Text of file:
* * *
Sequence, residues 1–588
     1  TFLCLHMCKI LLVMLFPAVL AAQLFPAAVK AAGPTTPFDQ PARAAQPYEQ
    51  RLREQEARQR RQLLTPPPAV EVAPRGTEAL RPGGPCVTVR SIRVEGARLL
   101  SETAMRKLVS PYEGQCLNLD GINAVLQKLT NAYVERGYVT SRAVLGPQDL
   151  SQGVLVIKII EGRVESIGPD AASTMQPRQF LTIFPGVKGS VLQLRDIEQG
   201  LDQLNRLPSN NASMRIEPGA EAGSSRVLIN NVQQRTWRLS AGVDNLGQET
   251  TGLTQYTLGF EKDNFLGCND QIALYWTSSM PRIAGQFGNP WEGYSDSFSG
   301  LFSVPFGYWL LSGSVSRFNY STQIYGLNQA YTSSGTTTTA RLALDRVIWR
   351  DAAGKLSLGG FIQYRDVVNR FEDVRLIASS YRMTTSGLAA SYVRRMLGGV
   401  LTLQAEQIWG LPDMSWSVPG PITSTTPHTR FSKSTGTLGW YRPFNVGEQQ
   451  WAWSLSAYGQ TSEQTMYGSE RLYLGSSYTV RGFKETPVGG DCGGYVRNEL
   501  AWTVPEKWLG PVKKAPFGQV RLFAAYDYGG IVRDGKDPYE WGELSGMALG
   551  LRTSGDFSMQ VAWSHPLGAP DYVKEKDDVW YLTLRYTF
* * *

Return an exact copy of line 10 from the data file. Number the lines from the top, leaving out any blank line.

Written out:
   401  LTLQAEQIWG LPDMSWSVPG PITSTTPHTR FSKSTGTLGW YRPFNVGEQQ